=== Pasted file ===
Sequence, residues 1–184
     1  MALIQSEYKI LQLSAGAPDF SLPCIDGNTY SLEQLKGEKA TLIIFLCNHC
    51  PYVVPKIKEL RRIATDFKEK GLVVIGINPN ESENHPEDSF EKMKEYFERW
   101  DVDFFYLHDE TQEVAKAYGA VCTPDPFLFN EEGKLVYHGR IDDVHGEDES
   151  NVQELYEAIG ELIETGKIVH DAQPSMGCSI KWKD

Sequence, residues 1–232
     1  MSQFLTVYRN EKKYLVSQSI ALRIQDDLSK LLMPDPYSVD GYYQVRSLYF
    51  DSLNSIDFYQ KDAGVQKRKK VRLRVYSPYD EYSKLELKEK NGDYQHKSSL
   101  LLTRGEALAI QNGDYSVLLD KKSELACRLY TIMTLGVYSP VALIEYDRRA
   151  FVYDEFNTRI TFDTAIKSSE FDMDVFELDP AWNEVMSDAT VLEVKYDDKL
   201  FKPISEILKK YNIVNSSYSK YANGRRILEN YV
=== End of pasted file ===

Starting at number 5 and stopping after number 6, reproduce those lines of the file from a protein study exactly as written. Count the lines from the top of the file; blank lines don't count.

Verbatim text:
   151  NVQELYEAIG ELIETGKIVH DAQPSMGCSI KWKD

Sequence, residues 1–232